"My body makes me disabled.
Society makes me handicapped." -anonymous
Developmental disabilities are a diverse group of physical, cognitive, psychological, sensory, and speech impairments that begin anytime during development up to 18 years of age. In most instances, the cause of the disability is not known. That's why it's important to understand what factors increase the chance that a child will have a developmental disability and what can be done to prevent the condition.
Did You Know?
- About 17% of U.S. children under 18 years of age have a developmental disability.
- Approximately 2% of school-aged children, 3-21 years old, in the U.S. have a serious developmental disability; such as an intellectual disability, autism, cerebral palsy, or Down Syndrome; and need $36 billion each year of special education services.
A New Perspective
People with developmental disabilities are each different from one another, even if they share the same medical diagnosis. Why? Because every person ever born is different from everyone else! It’s as incorrect to generalize about the child who has an intellectual disability or autism as it is to assume that people with brown eyes or Canadian grandfathers are all alike.
A New Vision
People with developmental disabilities have special needs, but their basic needs are the same as everyone else’s. They need to have a home, learn useful, relevant skills; work; and develop and sustain relationships with people they care about and who care about them. Abilities United is here to help you understand that individuals with developmental disabilities have many talents and skills and are often more handicapped by our attitudes than by their disabilities.
A New Way of Thinking
When you think about people with developmental disabilities, think of them first as PEOPLE. Just like you, they have need to
- Experience love and friendship
- Be respected and treated with dignity
- Have a decent and appropriate place to live
- Develop skills that enable them to participate in community
- Have the opportunity to learn throughout their lives
- Access information and opportunities so they can make choices and exercise their rights
- Engage in meaningful employment
- Take risks and make mistakes
Connect as Friends
We all need friends. Most of us learned this when we played on our school playgrounds during recess. As adults, we enjoy getting together with our friends and families.
People with developmental disabilities need companionship, too. Although California law guarantees them "social interaction, participation in community affairs, and freedom from isolation," who can guarantee friendship? If you have ever lost a close friend, you will remember the painful emptiness. People with developmental disabilities are wounded by social isolation even more than we may be, because they often experience it daily.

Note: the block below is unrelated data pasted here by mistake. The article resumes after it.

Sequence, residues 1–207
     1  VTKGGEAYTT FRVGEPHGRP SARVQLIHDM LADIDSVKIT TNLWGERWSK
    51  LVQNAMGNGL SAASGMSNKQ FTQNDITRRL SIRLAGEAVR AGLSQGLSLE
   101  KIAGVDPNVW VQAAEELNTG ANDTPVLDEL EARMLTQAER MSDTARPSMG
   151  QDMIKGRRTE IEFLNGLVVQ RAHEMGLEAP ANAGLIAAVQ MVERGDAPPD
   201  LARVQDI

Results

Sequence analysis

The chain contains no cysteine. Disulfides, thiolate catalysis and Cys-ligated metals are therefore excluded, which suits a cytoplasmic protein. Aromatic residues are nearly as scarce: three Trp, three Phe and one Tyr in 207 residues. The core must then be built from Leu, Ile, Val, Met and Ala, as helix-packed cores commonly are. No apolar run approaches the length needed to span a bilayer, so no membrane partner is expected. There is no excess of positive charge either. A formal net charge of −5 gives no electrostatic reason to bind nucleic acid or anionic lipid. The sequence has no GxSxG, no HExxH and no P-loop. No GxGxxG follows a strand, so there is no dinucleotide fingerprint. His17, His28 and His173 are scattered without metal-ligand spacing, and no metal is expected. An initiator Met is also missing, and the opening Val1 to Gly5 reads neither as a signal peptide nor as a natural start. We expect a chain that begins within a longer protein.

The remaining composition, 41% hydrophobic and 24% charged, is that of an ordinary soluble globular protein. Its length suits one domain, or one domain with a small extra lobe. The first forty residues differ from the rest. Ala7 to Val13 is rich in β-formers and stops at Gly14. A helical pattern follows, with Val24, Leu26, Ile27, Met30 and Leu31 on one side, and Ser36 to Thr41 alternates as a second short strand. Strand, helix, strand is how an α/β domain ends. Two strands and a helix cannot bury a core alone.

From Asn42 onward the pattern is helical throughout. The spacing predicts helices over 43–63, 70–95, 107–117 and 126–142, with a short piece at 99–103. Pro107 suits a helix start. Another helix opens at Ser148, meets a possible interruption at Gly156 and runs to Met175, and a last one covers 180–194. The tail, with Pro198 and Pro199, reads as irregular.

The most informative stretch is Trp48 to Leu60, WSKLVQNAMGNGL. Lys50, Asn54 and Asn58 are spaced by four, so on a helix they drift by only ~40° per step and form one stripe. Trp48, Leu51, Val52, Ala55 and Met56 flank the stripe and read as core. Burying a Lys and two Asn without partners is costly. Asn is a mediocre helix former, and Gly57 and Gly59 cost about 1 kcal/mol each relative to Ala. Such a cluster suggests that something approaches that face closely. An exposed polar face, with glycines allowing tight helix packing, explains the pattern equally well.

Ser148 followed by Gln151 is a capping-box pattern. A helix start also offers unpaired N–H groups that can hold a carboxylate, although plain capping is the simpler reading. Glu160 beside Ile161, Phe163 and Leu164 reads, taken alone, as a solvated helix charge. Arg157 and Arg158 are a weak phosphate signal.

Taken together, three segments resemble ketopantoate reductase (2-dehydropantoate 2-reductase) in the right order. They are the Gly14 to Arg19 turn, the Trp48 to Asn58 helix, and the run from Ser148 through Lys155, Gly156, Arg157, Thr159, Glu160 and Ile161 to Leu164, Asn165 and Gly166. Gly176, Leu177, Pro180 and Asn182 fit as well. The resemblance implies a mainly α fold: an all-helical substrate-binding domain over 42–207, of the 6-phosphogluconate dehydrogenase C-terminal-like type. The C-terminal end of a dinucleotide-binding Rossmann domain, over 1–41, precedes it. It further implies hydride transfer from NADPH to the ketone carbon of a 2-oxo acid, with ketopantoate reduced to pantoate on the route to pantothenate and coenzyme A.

Connect as Co-Workers
Many people with developmental disabilities can obtain and retain jobs, though some will need more support than others. California, like other states, has a variety of vocational training and employment services. Terms you may hear are sheltered workshops, supported employment, or enclaves. These terms describe the different types of employment opportunities. Trained staff, known as job coaches, provide support. The workers enjoy their jobs and the social interaction of the workplace. They love being paid for their work – it proves that they are productive citizens. People with disabilities have skills that can benefit any business. They just need to be given a chance to practice their skills in a paid or volunteer position.
Connect as Neighbors
Experiences in California and elsewhere show that people with developmental disabilities who live in the community are excellent neighbors. Their homes are well-maintained. They keep busy during the day. Young children attend special services; school-aged youngsters go to school and many adults are either employed or in vocational services to prepare for jobs. Others may be enrolled at day centers away from home where they learn to use public transportation, manage money, take care of themselves, and communicate.
What Can You Do?
- Never ignore someone who is disabled.
- Do not pretend that the person is not there!
- Introduce yourself, find a common subject to discuss.
- Visit an organization in your community that provides services to people with developmental disabilities.
- You can become a board member, work on special events, or spend a few hours a month helping in a variety of capacities.